ERWin Dimentional Modeling

Data structure and relationships among entities.

Data Model (conceptual level, logical level, physical level)

Diff b/t Dimensional Model and ER Model

Dimensions, Facts, Granularity and various types of dimensions.


Conceptual Data Model

(collating requirements, focus on entities and relationships)


Logical Data Model

(attributes, key groups, relationships, business rules)


Physical Data Model

(performance of database, strategy of indexing, physical storage, denormalization are considered in this phase)


Logical Data Model

Physical Data Model

Represents business info and defines business rules

Represents the physical implementation of the model in a database.





Primary key

primary key constraint

alternate key

unique constraint or unique index

Inversion key entry

non unique index


check constraint, default value


foreign key






Basics of RDBMS

1.       RDBMS

2.       Data modeling approaches(Conceptual, Logical, Physical)

3.       ER Modeling

4.       Keys(CK, PK, FK)

5.       Normalization Levels

6.       OLTP

7.       Data mart

8.       OLAP

9.       Datawarehouse(DWH)


Identifying Relationships

(It exists when the child table cannot be uniquely identified in the absence of the parent)

Ex : HolderAccount (p),  Account, Holder

Non-Identifying Relationships

(the child can uniquely be identified without the parent)

Ex : Account, AccountType


Types of Entities :

Independent entity, dependent entity

Ex: unit, unit head


Referential Integrity

(Every non-null foreign key value must be matched by an existing primary key value)


Types of Attributes :

Key and Non-key attributes

Required or optional attributes

Simple and composite attributes

Single-valued and multi-valued attributes

Stored, coded, or derived attributes


ER Model only supports two dimensional view of data.

Dimensional database is optimized to retrieve data and analyze it. It tends to be subject oriented.


Dimensional Modeling(DM) is a logical design technique used in DWH.

Mostly denormalized relational model

Made up of entities with attributes

Relationships defined by primary keys and foreign keys

Used by most contemporary BI solutions “Right” mix of normalization and de normalization often called Dimentional Normalization.

Consists of two types of tables : Dimension tables and Fact tables.


Dimension Keys

Dimension Business Key

(Column or columns that uniquely identify an instance of the business record)

(Used in the process of  ETL to tie fact records with dimension members)

Dimension Record Surrogate Key

(Defines the dimension’s primary key)

(Relates to the fact table foreign key field)

(Numeric data type, typically integer)


Dimension Surrogate Key

a.       Surrogate Key Usage

Consolidates multi-value business keys

Allows tracking of dimension history

Standardizes dimension tables

Limits fact table width for optimization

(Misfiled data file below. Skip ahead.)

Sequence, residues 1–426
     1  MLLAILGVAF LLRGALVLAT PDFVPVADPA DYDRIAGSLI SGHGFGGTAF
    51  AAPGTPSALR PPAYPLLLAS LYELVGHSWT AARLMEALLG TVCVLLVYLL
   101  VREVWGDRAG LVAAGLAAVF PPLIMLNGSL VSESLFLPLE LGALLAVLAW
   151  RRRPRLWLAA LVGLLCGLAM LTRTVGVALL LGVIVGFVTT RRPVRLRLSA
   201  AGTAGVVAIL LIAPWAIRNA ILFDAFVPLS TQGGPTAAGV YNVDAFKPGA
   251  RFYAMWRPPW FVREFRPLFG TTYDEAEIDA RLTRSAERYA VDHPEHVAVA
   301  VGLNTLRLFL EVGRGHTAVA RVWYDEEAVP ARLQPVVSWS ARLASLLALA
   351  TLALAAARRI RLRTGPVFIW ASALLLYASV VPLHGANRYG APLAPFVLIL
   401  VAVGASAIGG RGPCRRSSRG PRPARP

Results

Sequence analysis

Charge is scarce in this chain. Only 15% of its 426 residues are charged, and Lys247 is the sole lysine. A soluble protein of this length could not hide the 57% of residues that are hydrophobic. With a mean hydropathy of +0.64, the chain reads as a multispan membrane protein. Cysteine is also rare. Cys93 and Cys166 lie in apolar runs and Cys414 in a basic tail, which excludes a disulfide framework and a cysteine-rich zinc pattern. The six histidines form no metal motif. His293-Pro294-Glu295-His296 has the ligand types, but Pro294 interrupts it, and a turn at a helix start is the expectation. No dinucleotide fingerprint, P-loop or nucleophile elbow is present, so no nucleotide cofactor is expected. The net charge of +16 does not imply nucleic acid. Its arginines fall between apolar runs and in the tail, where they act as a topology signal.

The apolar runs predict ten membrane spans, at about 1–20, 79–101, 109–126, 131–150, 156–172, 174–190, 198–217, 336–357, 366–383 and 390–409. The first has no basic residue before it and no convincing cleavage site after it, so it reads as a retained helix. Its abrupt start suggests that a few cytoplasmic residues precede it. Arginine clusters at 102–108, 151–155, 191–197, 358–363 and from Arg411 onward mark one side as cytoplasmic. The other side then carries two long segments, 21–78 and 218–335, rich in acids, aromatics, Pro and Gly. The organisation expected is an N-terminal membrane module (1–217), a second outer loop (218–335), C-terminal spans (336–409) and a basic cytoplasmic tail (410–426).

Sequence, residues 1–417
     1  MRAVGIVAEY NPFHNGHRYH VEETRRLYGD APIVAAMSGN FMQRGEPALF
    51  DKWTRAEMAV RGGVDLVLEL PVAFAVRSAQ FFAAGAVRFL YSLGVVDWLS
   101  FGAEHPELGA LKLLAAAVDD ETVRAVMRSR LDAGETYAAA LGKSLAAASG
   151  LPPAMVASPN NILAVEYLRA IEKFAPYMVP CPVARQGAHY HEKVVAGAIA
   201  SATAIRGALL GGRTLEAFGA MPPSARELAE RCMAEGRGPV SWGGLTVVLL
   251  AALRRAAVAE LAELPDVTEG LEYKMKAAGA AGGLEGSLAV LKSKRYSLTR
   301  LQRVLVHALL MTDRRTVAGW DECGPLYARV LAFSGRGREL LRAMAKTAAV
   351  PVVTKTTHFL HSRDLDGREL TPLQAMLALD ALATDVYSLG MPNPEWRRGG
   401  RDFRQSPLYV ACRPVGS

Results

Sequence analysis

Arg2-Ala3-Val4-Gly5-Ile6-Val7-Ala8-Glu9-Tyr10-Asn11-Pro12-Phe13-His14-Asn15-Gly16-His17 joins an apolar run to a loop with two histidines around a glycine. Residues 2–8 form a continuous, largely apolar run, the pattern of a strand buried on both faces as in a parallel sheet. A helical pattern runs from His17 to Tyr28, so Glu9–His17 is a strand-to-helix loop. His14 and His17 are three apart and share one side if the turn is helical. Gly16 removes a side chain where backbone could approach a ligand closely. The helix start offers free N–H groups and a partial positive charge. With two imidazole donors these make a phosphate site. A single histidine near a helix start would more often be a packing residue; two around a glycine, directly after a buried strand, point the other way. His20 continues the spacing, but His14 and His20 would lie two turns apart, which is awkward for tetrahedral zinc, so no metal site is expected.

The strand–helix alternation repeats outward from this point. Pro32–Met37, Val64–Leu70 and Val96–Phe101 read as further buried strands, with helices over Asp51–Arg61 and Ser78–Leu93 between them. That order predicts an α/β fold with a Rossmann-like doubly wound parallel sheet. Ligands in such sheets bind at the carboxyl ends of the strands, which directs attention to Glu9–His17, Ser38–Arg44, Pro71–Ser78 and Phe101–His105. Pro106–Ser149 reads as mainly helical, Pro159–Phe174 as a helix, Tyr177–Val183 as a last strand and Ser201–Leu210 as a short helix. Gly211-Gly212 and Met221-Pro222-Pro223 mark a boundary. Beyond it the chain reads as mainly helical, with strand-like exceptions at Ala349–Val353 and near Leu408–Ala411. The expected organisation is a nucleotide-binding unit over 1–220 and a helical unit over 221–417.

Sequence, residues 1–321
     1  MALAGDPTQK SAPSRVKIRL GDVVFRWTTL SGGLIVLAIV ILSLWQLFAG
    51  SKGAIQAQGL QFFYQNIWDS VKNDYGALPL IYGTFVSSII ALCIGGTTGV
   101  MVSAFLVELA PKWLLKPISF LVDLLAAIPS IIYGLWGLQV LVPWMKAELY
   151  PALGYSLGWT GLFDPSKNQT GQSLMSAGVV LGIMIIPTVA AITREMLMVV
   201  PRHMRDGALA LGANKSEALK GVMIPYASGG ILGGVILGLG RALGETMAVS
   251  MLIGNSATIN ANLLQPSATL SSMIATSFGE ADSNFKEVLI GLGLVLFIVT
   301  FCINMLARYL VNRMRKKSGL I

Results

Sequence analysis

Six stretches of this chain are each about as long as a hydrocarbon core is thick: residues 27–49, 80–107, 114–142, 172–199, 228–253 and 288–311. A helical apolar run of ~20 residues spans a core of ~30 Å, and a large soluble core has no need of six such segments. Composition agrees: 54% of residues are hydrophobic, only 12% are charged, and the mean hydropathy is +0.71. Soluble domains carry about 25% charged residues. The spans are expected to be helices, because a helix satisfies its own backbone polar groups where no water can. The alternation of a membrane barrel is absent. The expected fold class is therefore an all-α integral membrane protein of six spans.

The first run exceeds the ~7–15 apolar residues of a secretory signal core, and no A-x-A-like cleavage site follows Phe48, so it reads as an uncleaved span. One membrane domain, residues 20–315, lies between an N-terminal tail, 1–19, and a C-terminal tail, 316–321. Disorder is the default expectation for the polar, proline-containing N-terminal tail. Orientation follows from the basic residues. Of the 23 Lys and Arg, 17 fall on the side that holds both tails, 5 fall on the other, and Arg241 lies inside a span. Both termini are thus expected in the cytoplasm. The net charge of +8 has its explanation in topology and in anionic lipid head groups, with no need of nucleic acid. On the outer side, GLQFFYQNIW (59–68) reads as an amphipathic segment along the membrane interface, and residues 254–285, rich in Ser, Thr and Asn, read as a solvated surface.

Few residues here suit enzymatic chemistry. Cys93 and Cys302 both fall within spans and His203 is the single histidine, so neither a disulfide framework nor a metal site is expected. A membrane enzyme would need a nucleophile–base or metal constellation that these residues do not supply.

b.      Surrogate key Design Practices

Avoid smart keys

Avoid production keys (may changes!)

A company may acquire a competitor and thereby change the essential building rules changed-record, but intentionally not change the key.

Narrow as possible


Dimension Types

1.       Slowly Changing Dimension

It is a dimension whose attributes or attributes for a record(row) change slowly over time.

Type-1(Overwriting the history)

Type-2(Preserving the history)

Type-3(Preserving one or many versions of history)

2.       Junk(garbage) Dimension

A garbage Dimension is a dimension that includes low-cardinality columns such as codes, indicators and status flags.

The attributes in a Junk Dimension are not related to any hierarchy.

3.       Role-playing Dimension

A single dimension which gets differently expressed in a fact table using views is called a role-playing dimension.

Ex : Create two views for OrderDate and ReceivedData based on the same date dimension table.


Facts (or measures) can be categorized by

a)      Numerical data type

b)      Aggregation type

c)       Additive nature

d)      Granularity

Useful facts normally are numeric and additive.

Fact Types :

1)      Transactional

2)      Additive

Additive (Facts that can be summed up/aggregated across all dimensions within the fact table)

 ex : dollars sold

Semi-Additive (Facts that can be added up for some of dimensions in a fact table, but not for others)

 ex : account balance, inventory level, distinct counts

Non-Additive (Facts cannot be summed up for any of the dimensions which are present in the fact table)

Ex: measurement of room temperature

3)      Snapshot or inventory

4)      Factless

5)      Derived

6)      Aggregate

When to use snowflake

1)      The dimension table has two or more sets of attributes which normally define information at different grains.

2)      The attribute sets of the same dimension table are getting populated by different source systems.

It is not possible to implement a many to many relationship in a physical model as two tables can’t be children of one another

It needs to use a bridge table to solve this issue.

Introduce a junction table Customer_PaymentModes, which has many to one relationship with both Customer and PaymentModes.

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2013年10月21日 43.24MB 下载